Tax authorities are exploring the feasibility of introducing an advance pricing arrangement (APA) to minimise transfer pricing disputes with multinational enterprises. APA is an agreement between the tax payer and the tax authority on the method to be used for pricing their future intra-group transactions.
The tax department believes that APAs will be a useful method to mitigate unnecessary transfer pricing litigations, states the latest global transfer pricing survey by Ernst & Young. The input is based on a feedback from domestic tax authorities.
Transfer pricing refers to the price charged by an MNC to an associated enterprise for supply of goods and services. Since transfer prices can be used to shift profits out of India and hence avoid taxes, the tax department has a regulation in place since 01 to check violations.
The law mandates MNCs to price their transactions with associated enterprises according to the arms length principle. This means applying prices that independent enterprises would charge in identical transactions in the market place.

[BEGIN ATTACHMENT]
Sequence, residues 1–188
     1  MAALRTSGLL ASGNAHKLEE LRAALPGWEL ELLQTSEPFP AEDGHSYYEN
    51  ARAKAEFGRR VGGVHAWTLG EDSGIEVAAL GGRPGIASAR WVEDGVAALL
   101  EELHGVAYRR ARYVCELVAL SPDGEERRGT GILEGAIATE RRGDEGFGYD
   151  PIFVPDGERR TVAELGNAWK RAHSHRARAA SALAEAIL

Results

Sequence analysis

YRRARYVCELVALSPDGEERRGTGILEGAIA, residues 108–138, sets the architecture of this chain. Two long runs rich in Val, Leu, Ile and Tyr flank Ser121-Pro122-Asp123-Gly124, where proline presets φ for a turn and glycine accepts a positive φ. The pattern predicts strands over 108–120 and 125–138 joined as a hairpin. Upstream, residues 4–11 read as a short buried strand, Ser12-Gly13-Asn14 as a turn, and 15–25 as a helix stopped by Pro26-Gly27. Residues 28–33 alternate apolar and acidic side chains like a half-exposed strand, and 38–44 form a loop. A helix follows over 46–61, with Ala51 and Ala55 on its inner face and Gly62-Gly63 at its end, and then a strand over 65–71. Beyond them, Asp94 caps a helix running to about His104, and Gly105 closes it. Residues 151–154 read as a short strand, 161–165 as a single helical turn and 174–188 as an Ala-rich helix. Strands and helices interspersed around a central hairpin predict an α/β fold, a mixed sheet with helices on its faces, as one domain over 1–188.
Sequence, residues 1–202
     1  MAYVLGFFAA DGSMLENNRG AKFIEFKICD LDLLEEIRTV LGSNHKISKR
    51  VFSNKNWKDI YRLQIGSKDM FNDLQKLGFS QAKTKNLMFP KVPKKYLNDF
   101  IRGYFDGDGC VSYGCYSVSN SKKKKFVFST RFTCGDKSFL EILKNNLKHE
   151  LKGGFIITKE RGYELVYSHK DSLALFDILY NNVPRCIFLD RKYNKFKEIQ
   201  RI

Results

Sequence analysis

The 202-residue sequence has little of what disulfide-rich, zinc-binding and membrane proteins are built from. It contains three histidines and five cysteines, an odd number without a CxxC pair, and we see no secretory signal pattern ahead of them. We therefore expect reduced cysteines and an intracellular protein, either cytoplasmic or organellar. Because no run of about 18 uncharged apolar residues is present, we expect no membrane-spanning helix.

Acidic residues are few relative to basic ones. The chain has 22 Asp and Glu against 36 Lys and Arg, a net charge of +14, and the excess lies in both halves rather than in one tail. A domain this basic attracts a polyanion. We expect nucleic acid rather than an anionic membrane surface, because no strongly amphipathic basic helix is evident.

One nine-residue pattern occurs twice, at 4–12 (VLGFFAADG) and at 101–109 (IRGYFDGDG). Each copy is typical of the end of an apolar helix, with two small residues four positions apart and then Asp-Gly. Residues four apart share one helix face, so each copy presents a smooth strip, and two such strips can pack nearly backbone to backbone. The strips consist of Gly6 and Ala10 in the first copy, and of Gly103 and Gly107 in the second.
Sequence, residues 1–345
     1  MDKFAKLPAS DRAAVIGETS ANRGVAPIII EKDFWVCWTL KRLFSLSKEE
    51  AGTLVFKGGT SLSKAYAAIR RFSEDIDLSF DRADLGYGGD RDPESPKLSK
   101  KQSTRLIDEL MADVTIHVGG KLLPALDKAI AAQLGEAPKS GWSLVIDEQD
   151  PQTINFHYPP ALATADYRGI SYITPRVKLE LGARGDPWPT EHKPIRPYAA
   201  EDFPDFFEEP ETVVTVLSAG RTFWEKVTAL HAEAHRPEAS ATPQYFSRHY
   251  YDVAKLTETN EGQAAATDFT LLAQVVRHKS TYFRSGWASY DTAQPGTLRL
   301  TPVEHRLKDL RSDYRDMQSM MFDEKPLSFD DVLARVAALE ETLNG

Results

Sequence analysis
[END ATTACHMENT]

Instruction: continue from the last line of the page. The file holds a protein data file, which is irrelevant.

Transfer pricing controversies are of significant concern for corporates in todays globalised economy and India is no exemption. Disputes are mounting as most MNCs are contesting demands raised by tax authorities here for alleged violation of transfer pricing norms.
According to experts, APA provides legal certainty and stabilises the tax environment for MNCs. The programmes are designed to resolve actual or potential transfer pricing disputes in a co-operative manner. Many advanced countries have this mechanism and India is mulling over its introduction. APAs may be unilateral, bilateral or multilateral.
MNCs have experienced two years of transfer pricing audits in India. Adjustments to the tune of $500m were made in for FY03. The audits focused mainly on companies with large transaction volumes. Currently, appeals are the only effective means of handling transfer pricing disputes, according to the 05-06 transfer pricing survey covering more than 30 countries.
The key message of the survey is that tax authorities broadly agree on transfer pricing principles, but not transfer pricing practices. This means they adopt different approaches in the application of these principles.
A host of new countries including China, Columbia, Israel and Turkey are coming into the transfer pricing enforcement field. Old guard such as Canada, New Zealand and UK with established transfer pricing regimes are making major changes in approach. There is evidence of increasing sophistication in data-gathering by tax authorities to augment enforcement efforts, says the survey. It states that transfer pricing will remain the most important international tax issue for MNCs.